I really appreciate this discussion though I can't add much at the moment -- Solondz is one of a few directors (Lars von Trier is another) of whom the general perception (that he is disdainful of people in general and his characters specifically) is so far from my own feelings that I often think I'm crazy, so to see him described by someone else as one of the most empathetic filmmakers working is quite a relief personally.

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mfunk9786
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Re: Wiener-Dog (Todd Solondz, 2016)

#19 Post by mfunk9786 » Fri Dec 04, 2020 1:16 pm

Yes, I was trying to describe the empathy to misanthropy pipeline and how one might be overwhelmed enough by their level of feelings for others that they no longer suffer any illusions about what the world is to LQ last night, and she absolutely tuned me out. But to me, empathy can be easily misinterpreted as misanthropy if it's genuine and particularly if it's "too much" over time for the person experiencing it.

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Re: Wiener-Dog (Todd Solondz, 2016)

#20 Post by domino harvey » Fri Dec 04, 2020 1:27 pm

Team LQ on this argument, though I haven’t seen this particular example

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Re: Wiener-Dog (Todd Solondz, 2016)

#21 Post by mfunk9786 » Fri Dec 04, 2020 4:31 pm

Will take a stab, at least: I don't think Solondz takes any joy in the suffering of his characters, but he chooses to depict that suffering straightforwardly because he doesn't carry around the optimistic notion that it could get any better on a significant scale. Would also contend that doesn't mean he doesn't see that suffering correctly, or doesn't feel it deeply - I read the blackly comic maturity of his work as a sign that he feels it very deeply. A lot of art of this sort goes out of its way to indicate that the artist behind it is well aware that what they're showing is not what they stand for, that it is below a standard that they personally think humans should seek to uphold, and (often worse), that they believe that people can rehabilitate themselves, improve their station in life, heal, treat others more kindly, so on and so forth. Is that possible in actuality? Of course. But if you have seen enough smaller scale human suffering that turns your stomach, there is a certain serenity that comes with realizing there is nothing that can be done to correct the course of the human condition wholesale in a way that would soothe you.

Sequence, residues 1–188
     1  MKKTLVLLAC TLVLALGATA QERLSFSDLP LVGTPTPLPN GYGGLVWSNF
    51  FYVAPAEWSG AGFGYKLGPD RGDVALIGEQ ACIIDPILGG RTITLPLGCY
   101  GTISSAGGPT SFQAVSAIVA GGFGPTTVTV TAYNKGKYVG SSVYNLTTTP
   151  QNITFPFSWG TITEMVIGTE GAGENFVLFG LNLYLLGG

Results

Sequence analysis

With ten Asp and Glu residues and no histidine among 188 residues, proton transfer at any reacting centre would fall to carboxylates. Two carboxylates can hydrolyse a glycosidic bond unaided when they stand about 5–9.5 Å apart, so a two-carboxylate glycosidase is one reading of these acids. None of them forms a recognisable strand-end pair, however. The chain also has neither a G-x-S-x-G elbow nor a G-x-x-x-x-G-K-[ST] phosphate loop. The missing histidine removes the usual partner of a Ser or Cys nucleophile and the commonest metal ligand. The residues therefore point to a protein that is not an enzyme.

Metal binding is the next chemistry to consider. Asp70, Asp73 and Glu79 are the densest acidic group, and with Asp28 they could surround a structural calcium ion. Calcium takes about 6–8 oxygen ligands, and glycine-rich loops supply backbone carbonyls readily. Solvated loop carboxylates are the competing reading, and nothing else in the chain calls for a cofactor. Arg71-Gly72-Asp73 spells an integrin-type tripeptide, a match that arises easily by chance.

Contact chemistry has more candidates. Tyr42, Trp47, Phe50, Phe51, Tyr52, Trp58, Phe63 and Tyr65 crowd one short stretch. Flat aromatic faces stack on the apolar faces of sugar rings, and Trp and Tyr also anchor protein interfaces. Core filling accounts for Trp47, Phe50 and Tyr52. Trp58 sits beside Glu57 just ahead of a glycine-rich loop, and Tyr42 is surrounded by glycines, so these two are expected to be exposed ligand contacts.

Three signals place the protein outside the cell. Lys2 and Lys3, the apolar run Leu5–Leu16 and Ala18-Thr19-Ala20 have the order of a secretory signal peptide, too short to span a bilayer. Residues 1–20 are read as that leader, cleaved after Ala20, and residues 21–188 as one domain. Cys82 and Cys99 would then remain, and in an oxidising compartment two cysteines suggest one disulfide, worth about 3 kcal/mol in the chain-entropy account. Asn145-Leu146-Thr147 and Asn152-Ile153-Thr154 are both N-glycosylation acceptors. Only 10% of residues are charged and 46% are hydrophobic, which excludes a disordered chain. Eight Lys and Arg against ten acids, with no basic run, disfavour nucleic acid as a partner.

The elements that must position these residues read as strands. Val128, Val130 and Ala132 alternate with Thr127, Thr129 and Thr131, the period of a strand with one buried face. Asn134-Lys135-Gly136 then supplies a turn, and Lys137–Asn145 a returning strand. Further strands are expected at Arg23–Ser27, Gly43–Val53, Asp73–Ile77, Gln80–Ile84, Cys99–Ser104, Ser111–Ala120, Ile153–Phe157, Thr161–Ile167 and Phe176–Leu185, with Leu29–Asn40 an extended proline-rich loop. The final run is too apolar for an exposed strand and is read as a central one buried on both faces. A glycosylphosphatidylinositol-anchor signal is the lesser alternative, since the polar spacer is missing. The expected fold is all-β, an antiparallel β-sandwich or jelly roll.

Is that misanthropy? I don't think so, in fact I think it's just about as far to the other end of the spectrum as one can get, but it sure looks like it sometimes, especially in the sort of art that Solondz creates. This film is deeply critical of the engrained "moral" choices that many of us simply take for granted (particularly, in this example, around dogs, the elderly, and the disabled) without ever blaming people for their own choices - rather simply observing the reality of living in society with millions of others who all have their own concerns that come first. A misanthrope, I'd contend, would choose to blame people for their own problems.

We have seen plenty of examples over the last few months of how people who are beaten down by dozens of factors far above their station are being blamed for, say, contracting a deadly disease at their job that they can't afford to quit or aren't allowed to do from home. This is all something that'd been on my mind anyway, so sitting with Wiener-Dog for a few days has certainly gotten me thinking about the distinction between being an empath and a misanthrope and how closely the two can be conflated if the former is unblinking in their approach.